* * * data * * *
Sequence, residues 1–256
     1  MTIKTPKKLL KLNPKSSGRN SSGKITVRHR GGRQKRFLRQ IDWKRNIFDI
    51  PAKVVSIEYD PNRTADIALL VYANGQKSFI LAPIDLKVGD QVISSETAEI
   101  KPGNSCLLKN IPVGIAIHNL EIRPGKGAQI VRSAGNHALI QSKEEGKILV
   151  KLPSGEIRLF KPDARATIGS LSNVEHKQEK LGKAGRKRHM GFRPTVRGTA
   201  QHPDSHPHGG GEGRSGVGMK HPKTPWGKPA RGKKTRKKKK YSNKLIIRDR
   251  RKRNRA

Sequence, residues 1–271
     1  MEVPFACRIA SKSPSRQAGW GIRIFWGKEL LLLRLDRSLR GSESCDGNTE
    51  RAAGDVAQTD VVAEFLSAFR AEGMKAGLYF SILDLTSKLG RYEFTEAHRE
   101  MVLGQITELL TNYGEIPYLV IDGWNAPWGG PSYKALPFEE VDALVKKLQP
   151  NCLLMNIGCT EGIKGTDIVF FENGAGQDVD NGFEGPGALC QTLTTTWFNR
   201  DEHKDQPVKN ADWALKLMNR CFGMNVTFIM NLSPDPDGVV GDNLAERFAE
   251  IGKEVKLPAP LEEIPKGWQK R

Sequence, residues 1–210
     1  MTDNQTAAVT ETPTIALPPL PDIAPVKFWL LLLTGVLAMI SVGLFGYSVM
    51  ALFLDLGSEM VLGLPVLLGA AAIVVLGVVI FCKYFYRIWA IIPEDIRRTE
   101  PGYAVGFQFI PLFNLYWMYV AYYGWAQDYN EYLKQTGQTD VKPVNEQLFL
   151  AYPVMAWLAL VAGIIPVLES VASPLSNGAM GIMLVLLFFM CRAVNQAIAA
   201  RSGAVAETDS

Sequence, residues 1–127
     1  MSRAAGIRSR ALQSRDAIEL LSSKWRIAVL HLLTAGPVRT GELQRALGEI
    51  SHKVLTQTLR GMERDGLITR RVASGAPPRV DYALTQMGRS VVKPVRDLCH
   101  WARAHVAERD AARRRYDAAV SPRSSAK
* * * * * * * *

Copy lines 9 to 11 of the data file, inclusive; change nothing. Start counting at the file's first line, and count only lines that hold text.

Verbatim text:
     1  MEVPFACRIA SKSPSRQAGW GIRIFWGKEL LLLRLDRSLR GSESCDGNTE
    51  RAAGDVAQTD VVAEFLSAFR AEGMKAGLYF SILDLTSKLG RYEFTEAHRE
   101  MVLGQITELL TNYGEIPYLV IDGWNAPWGG PSYKALPFEE VDALVKKLQP